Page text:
Siemens analysis: Betting on diversification
Siemens AG is an electronics and electrical engineering company. The company is an integrated technology company with activities in the fields of industry, energy and healthcare. Siemens operates in six segments: Industry, Energy, Healthcare, and “below the line” segments composed of Equity Investments, Siemens IT Solutions and Services and Siemens Financial Services (SFS). Siemens has changed its structure as of FY 2012 to Industry, Energy, Healthcare and the new Infrastructure & Cities segment. These segments are reported along with 14 divisions, recently restructured into 19 which comprise the divisions, Industry Automation, Drive Technologies, Customer Services, belonging to the Industry Sector, the Divisions, Fossil Power Generation, Wind Power, Solar & Hydro, Oil and Gas, Power Transmission and Energy Service, belonging to the Energy Sector and the Divisions, Imaging and Therapy, Clinical Products, Diagnostics and Customer Solutions belonging to the Healthcare Sector, and the Divisions, Rail Systems, Mobility and Logistics, Low and Medium Voltage, Smart Grid, Building Technologies as well as OSRAM (which has a planned listing for 2012) belonging to the Infrastructure & Cities. In this report, Siemens’ analysis will be based on FY11’s structure for a more accurate analysis. The Electrical Equipment (or Capital Goods) sector has a small threat of new entrants because they are huge barriers of entry, like a large capital, specific experience and a tremendous know-how knowledge, the only possible threats would be small Emerging Market companies with low costs projects but that don’t normally affect Siemens.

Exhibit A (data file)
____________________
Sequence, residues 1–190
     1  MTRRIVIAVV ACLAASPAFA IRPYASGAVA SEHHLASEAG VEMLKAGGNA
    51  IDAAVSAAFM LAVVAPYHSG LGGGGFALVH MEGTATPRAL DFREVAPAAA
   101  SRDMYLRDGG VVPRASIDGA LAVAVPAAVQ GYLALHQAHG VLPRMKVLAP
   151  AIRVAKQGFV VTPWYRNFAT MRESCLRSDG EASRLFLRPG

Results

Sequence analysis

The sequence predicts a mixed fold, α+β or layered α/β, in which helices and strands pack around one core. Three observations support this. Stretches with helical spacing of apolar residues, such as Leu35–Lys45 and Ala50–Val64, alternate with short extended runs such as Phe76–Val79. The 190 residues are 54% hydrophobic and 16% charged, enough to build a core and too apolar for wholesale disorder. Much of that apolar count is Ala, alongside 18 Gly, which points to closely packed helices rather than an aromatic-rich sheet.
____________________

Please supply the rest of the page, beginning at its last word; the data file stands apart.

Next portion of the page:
[...] a US company is only of Siemens Cost of Goods Sold, and it’s the company with the biggest affect on - Siemens’ account. This means Siemens has a much diversified supplier base, which is an advantage over its peers. Siemens does not have to be dependent on just a couple suppliers. Bargaining power of buyers: Siemens will face price pressure in the coming years. With the upcoming recession and the turmoil of the European crisis, Siemens’ customers will probably have cuts in their budgets and so low prices are key for Siemens as the company needs to keep as much customers as possible. [...]
[...] Siemens is also being investigated on allegations that it bribed customers to win contracts. On top of that, Siemens is being investigated for corruption in at least 10 other countries. As a result, Siemens can face fines or may face exclusion from its bidding for contracts. These misleading acts can take a significant effect on future growth Another weakness of Siemens is that the company has a high dependence on third party providers, which can be subject to a slowdown in revenues. [...]
[...] Even though Alstom is improving, its ROE is still lower than Siemens’: another argument for investors to choose Siemens over its competitors. Also, ROE is also a sign of a company’s growth potential: a company cannot grow earning faster than its current ROE without raising additional cash. Raising funds comes at a cost: servicing additional debt cuts into net income and selling more shares shrinks EPS by increasing the total number of shares outstanding. Siemens’ increasing ROE is a positive sign that its growth rate could outpace its competitor’s. [...]